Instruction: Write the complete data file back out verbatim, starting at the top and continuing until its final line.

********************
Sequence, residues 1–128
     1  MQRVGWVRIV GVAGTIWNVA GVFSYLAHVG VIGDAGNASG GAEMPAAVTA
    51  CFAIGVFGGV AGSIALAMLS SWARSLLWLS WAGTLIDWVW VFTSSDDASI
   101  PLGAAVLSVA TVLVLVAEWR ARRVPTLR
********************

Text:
Sequence, residues 1–128
     1  MQRVGWVRIV GVAGTIWNVA GVFSYLAHVG VIGDAGNASG GAEMPAAVTA
    51  CFAIGVFGGV AGSIALAMLS SWARSLLWLS WAGTLIDWVW VFTSSDDASI
   101  PLGAAVLSVA TVLVLVAEWR ARRVPTLR